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Are all songs on iTunes lossless?
How do I purchase lossless if not?
I don't think any of the music you purchase on iTunes are in lossless... If you plan on buying an album, I suggest you just buy the CD and copy it onto iTunes w/ Apple Lossless. That's what I do. It's the same price, or sometimes cheaper just buying the CD off amazon.com than buying from iTunes.
Step 1 - buy physical CD.
Step 2 - rip with itunes to ALAC.
By the way, it's been a long time since I've purchased a song off iTunes, but I just did last night (they were the only ones with the song)... and just to let you know, the bit rate of the songs on iTunes is 256 kbps, whereas lossless is upwards of 900-1100 kbps on average.
That's how. Try to find a CD store near where you live and buy from them. Keep them in business... Apple doesn't need the money. And by the way stuff on iTunes is lossy not lossless. They sell files encoded AAC @ 256kbps.
If you are into more obscure music - Bandcamp. Lots of free and fairly priced albums too.
my favorite bandcamp store;
buy cd and support music stores
There really isn't any way to buy 'Lossless' music, as even CDs are compressed a good deal from the original master source.
Which is really one of the reasons why I hate the term 'Lossless' as it's been popularized by FLAC and ALAC - the term has a way of instilling the message in people that anything less than a full CD copy will sound worse and that CDs contain the amount of data they do for an actual reason, rather than containing it arbitrarily as is actually the case.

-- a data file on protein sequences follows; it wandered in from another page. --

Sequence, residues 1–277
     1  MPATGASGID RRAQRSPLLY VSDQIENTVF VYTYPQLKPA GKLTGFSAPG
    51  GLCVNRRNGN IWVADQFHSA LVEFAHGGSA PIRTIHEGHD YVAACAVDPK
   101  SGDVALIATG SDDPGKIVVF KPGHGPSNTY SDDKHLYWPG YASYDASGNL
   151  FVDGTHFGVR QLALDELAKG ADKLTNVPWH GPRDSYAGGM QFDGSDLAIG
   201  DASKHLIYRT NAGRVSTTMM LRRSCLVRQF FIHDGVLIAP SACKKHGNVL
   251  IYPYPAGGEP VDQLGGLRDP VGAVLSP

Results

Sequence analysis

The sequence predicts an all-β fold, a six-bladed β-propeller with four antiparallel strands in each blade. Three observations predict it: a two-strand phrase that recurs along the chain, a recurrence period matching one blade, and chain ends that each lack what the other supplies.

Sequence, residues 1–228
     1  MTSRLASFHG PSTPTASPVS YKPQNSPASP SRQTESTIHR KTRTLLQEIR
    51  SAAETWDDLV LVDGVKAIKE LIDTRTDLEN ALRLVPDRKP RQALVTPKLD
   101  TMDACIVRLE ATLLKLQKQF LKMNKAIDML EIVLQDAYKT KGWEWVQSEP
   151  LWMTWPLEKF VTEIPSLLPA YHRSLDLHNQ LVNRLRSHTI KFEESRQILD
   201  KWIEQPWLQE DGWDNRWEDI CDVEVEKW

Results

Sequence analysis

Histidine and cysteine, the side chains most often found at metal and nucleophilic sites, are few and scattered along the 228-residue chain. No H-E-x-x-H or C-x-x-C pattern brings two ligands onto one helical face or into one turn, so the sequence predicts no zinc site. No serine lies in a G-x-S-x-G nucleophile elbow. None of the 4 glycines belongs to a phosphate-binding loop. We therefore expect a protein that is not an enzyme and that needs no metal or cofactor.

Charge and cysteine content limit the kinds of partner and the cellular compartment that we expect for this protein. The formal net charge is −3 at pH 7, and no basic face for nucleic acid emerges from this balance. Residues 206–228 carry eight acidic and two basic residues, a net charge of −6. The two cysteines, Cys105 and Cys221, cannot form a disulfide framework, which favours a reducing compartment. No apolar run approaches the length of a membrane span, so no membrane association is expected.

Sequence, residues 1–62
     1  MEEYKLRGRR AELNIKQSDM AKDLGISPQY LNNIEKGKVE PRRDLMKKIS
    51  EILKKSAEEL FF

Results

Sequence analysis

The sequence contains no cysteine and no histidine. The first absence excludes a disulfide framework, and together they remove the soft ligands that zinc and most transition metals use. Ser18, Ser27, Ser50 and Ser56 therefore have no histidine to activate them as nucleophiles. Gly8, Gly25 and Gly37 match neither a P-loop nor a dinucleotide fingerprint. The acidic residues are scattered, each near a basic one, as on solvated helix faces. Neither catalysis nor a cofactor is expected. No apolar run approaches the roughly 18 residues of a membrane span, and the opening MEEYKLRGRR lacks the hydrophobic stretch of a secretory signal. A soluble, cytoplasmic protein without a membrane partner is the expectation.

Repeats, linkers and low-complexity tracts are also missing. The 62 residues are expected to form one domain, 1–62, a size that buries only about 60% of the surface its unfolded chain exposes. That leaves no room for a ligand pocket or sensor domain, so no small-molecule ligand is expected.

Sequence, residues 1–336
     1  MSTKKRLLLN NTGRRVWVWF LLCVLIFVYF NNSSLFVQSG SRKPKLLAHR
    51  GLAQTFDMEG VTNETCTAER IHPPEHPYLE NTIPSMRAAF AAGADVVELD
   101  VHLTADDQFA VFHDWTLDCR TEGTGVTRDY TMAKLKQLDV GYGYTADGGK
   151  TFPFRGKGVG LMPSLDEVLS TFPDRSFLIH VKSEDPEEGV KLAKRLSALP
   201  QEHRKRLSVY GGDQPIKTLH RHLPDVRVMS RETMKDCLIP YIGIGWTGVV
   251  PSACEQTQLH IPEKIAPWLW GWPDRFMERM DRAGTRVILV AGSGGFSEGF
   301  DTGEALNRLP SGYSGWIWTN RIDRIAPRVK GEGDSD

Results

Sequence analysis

Either MP3 or AAC @ 256k~ will be completely indistinguishable from CD to the ear, and that fact only becomes more apparent with each new revision of these compression codecs.
So I'll say it again; in actuality, there is studio master quality and then there is compression. To be a stick in the mud by refusing to take anything other than 'lossless' CD quality is to hold out for something that no longer matters in the least. If there's still a reason to buy CDs, it's for the kick you can get out of a really good booklet or nice disc artwork.
I will also point out that Apple's AAC/256k iTunes Store music is sourced from the original masters, rather than 16-bit CDs. So it's actually that much better than the files you would get yourself using similar encoding settings while sourcing the tracks from a disc.
Conceding all your points for the sake of discussion, it's still short-sighted to purchase a collection of lossy files. They can't be transcoded without significant quality loss. If AAC falls out of favor in 10 years, there is no way to convert to the next format without negative consequences.